Top 10 Lists

Top 10 Examples of Government Stupidity

With Americans burdened with high taxes, one would hope that the government they pay for would at least be used efficiently and wisely.  These Top 10 Examples of Government Stupidity from around the country would suggest otherwise:

1.  Sensitivity training:  The Omaha, Neb., public school district spent $130,000 in federal stimulus money to buy manuals to instruct teachers and school administrators on how to be culturally sensitive.  The book, The Cultural Proficiency Journey: Moving Beyond Ethical Barriers Toward Profound School Change, says that teachers need to work for social justice in order to overcome a white-privileged society.  The book says racism, sexism, homophobia and ableism are forces of oppression in schools, and that institutions in America “channel wealth and power to white people.”

2.  Green car bust:  The city of Salinas, Calif., invested more than $500,000 in Green Vehicles, an electric car venture that failed to produce a single car.  In addition to the city money, the State of California chipped in another $187,000, but the owner of the company said it folded due to a lack of investors.  The city ponied up the money after the company promised it would create 70 new jobs and generate some $700,000 in tax revenue annually for city coffers.  City officials were reportedly irked when they learned of the company’s collapse by e-mail.

3.  Don’t help the homeless:  The city of Houston shut down a Christian couple’s effort to aid the homeless earlier this year because they did not have a permit to distribute free food.  Anyone serving food to the public for any reason must prepare meals in a certified kitchen that has a certified food manager, according to the city’s Department of Health and Human Services.  But because the couple gave out food donated and prepared by various stores and volunteers throughout the city, they ran afoul of a city ordinance, leaving the 100 or so recipients of their daily charity out of luck.

4.  Right to View Porn in Jail:  The Washington State Supreme Court ruled that a man awaiting trial for making child pornography videos while raping boys will be allowed to watch the videos of the acts while in jail.  Weldon Marc Gilbert is acting as his own attorney and therefore has the right to review the evidence against him, which includes 28 hours of porn on some 100 videos, the court ruled.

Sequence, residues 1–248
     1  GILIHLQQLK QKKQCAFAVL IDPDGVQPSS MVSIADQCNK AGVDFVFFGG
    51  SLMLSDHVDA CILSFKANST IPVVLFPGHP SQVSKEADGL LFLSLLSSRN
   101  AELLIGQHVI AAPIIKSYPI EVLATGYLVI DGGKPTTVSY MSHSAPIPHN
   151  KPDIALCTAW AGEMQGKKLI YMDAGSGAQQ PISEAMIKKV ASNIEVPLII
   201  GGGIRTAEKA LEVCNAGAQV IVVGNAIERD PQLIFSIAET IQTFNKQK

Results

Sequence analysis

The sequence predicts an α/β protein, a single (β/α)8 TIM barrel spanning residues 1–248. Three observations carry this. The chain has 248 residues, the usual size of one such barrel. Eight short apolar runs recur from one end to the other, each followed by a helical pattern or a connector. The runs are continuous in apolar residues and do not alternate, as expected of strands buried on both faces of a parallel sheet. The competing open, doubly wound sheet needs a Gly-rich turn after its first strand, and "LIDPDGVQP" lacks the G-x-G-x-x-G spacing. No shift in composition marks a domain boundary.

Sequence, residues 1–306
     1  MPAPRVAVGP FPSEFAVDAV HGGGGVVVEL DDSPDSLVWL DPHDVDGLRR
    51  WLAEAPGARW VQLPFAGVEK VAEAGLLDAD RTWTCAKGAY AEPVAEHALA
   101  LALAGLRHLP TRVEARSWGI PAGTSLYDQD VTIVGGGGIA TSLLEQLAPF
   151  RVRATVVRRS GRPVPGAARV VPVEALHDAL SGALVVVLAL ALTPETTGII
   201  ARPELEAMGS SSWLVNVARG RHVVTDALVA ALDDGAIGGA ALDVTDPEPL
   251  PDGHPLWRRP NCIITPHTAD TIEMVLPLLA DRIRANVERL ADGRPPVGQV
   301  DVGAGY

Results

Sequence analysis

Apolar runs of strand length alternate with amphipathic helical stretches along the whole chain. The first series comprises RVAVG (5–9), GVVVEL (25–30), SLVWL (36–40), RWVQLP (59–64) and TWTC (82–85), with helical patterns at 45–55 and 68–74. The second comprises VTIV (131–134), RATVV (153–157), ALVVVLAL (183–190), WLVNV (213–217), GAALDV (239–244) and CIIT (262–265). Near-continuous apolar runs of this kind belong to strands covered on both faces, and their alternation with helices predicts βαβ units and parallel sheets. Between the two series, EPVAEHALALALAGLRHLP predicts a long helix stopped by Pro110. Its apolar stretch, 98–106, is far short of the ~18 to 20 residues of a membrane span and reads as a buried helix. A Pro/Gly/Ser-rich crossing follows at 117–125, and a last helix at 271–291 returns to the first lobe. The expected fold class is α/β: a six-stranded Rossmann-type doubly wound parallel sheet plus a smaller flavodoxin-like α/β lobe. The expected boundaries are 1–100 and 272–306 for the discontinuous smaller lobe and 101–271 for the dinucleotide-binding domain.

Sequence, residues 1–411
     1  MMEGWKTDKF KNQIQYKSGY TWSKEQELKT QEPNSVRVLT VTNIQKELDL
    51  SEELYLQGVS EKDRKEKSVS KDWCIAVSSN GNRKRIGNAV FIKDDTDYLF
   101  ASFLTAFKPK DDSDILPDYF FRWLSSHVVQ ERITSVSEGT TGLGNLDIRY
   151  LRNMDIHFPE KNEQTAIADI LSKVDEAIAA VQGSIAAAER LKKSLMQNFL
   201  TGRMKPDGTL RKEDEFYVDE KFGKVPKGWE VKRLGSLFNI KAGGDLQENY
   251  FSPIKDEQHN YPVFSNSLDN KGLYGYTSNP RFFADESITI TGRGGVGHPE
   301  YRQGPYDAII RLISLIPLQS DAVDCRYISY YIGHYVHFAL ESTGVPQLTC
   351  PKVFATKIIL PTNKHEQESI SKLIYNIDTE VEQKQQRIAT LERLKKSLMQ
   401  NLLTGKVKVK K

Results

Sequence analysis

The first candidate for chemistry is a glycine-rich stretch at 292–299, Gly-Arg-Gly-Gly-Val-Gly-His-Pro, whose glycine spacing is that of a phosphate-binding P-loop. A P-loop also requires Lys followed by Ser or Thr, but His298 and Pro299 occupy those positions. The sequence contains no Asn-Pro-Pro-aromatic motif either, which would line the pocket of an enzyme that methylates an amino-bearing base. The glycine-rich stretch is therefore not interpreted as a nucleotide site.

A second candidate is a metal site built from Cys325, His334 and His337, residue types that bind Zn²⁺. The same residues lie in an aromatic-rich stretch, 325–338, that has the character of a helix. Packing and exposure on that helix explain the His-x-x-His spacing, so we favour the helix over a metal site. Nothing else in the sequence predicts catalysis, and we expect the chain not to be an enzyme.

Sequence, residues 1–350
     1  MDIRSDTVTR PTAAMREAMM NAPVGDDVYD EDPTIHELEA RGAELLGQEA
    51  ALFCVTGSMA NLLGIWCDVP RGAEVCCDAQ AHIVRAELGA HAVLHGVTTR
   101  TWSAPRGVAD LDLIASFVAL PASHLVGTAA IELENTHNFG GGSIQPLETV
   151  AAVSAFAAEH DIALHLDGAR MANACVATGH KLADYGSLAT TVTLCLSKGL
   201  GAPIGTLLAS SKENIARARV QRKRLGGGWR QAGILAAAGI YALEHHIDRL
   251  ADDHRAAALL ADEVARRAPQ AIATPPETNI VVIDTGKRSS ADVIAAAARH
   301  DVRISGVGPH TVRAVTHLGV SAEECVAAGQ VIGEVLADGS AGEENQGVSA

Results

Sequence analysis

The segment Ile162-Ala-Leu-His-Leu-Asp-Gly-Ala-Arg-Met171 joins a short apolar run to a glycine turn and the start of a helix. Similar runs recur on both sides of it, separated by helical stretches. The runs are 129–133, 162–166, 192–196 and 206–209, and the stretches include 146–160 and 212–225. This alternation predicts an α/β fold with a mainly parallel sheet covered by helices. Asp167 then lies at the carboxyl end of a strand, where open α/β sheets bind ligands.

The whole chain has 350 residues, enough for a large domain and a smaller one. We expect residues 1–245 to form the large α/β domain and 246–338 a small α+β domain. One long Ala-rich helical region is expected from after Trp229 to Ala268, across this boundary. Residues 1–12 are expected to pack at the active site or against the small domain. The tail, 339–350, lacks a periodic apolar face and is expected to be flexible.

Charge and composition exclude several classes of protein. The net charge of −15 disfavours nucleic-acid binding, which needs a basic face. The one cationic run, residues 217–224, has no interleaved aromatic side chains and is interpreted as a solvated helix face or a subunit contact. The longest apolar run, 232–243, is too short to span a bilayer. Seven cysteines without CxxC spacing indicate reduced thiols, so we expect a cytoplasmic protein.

5.  Sex-offender custody:  After Trista Crews Coleman died in a car wreck some four years ago, her one-month-old daughter, Miranda, was raised by her grandmother.  But a Baker County, Fla., judge has given custody of the little girl to Crews Coleman’s ex-husband, a registered sex offender who has a history of domestic violence.  The ex-husband, Donald Coleman, divorced Crews Coleman, saying Miranda was fathered by another man, but he still has paternity rights because he was married to her mother when she was born.

6.  Ex-cons protected:  City officials in San Francisco are seeking to make ex-convicts a “protected class,” joining blacks, Hispanics, homosexuals, the disabled and transgendered, and pregnant women.  Ex-cons already have the special status when applying for city government jobs, but a council of top city officials wants to extend the protection to make it illegal for landlords and private employers to ask about a person’s criminal record.

7.  Bee watering fine:  New York City fined Tip Sempliner $2,000 for failing to water his beehive.  There was a beehive waterer two feet from the hive and nearby ponds on his property on Little Neck Bay.  Only after public outcry did the city replace the fine with a “warning.”  As Queens Councilman Daniel Halloran told CBS News, “There are criminals who get cases in city criminal court who don’t have a $500 fine, let alone a $2,000 … this is absolutely absurd.”

8.  Homeless custody:  A Family Court judge in New York City awarded custody of a teenage boy to his homeless father and chided the boy’s mother for criticizing the court and the legal system.  The father, John Jacobs, has lived in storefronts and borrowed rooms for years, yet Judge Bernard Graham ordered the son to live in a shelter with his dad despite his mother’s attempt to retain custody.  The mother, who makes $90,000 working as a court clerk for the Manhattan Supreme Court, and father have spent a decade locked in the custody battle.

9.  Massachusetts’ Big Brother:  The Commonwealth of Massachusetts is setting up a massive database that tracks drivers via scanners on police cars and stores the information indefinitely.  Thousands of license plate numbers, and the car’s location, can be gathered per hour, and data will be made available to local, state and federal law enforcement officials.  The Executive Office of Public Safety is spending some $500,000 for the scanners and will distribute them to local police throughout the state.

10.  Go Gore, not Palin:  The state of Nevada last year denied a request for a vanity license plate that said “GOPALIN” because, in the view of the Department of Motor Vehicles, such a plate was “vulgar or obscene or expressing superiority of political affiliation.”  That policy didn’t stop the agency from issuing personalized plates that said “AL GORE,” “GO OBAMA,” “GOGREEN,” “DMOCRAT,” and “KERRY.”  While an administrative law judge rescinded the rejection, the state now faces a lawsuit challenging the policy.

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